Stockton, city (1990 pop. 210,943), seat of San Joaquin co., central Calif., on the San Joaquin River; inc. 1850. One of the fastest-growing U.S. cities during the late 20th cent., Stockton is an inland seaport located at the head of the San Joaquin delta. It is also a rail center and a processing and distribution point for farm products and wines from the Central Valley. Manufactures include signs, millwork, fabricated metal, metal and wood products, electrical and electronic goods, foods, feeds, transportation equipment, furniture, and apparel. There is also meat processing and canning. Dairying, cattle, fruit, nuts, vegetables, sugar beets, tomatoes, peppers, grapes, and grain are also important. Stockton was an outfitting center in the gold-rush days. It has a historical museum, an art gallery, and an impressive civic auditorium, and holds an annual asparagus festival. The Univ. of the Pacific, Humphreys College, and a campus of California State University Stanislaus are there. A U.S. navy communications station is on a nearby island.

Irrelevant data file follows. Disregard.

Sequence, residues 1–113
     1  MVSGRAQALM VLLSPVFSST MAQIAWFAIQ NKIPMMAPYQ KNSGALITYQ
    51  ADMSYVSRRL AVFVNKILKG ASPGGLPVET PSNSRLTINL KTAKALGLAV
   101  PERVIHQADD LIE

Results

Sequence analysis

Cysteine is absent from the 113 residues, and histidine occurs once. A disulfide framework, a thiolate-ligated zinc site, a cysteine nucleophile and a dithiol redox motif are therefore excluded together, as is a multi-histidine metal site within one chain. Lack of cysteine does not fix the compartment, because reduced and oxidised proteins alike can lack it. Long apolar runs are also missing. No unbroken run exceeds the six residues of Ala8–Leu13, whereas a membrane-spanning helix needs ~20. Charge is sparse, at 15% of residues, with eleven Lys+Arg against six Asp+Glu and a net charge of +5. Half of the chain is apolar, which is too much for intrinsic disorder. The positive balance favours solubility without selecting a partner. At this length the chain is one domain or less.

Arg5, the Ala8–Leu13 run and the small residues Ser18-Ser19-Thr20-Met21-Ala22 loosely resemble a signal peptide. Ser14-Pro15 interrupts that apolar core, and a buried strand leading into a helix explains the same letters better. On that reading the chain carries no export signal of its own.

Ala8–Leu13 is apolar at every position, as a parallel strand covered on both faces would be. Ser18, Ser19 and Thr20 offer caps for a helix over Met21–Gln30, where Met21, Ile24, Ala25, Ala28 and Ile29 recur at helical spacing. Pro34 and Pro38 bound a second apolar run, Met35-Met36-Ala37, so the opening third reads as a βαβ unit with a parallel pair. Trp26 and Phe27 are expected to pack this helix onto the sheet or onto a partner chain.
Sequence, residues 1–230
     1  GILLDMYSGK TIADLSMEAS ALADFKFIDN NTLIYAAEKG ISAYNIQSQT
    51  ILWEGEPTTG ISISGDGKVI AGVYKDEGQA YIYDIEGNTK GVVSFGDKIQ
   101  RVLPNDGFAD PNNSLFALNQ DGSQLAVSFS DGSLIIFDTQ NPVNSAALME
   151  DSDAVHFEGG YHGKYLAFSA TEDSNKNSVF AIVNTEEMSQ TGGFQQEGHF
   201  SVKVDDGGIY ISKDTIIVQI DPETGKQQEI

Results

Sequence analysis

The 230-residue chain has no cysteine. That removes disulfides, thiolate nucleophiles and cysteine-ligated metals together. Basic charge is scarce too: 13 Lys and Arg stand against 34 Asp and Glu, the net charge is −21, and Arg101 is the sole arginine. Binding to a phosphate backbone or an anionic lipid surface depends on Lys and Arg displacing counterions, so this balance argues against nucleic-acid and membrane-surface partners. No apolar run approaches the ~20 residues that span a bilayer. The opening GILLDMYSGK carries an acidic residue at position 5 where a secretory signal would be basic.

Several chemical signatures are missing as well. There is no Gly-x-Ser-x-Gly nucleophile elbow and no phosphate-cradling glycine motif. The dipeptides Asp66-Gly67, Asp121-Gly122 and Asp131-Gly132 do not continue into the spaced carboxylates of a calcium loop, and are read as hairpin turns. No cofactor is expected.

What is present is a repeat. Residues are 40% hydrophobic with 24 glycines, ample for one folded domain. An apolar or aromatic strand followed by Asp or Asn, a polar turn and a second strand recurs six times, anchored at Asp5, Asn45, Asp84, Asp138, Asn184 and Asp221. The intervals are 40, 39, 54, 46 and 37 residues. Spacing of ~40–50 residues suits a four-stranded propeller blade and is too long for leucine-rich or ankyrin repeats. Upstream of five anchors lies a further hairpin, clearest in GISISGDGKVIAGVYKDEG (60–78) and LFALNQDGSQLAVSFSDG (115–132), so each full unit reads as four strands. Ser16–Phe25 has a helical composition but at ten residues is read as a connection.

The Columbia Electronic Encyclopedia, 6th ed. Copyright © 2022, Columbia University Press. All rights reserved.
See more Encyclopedia articles on: U.S. Political Geography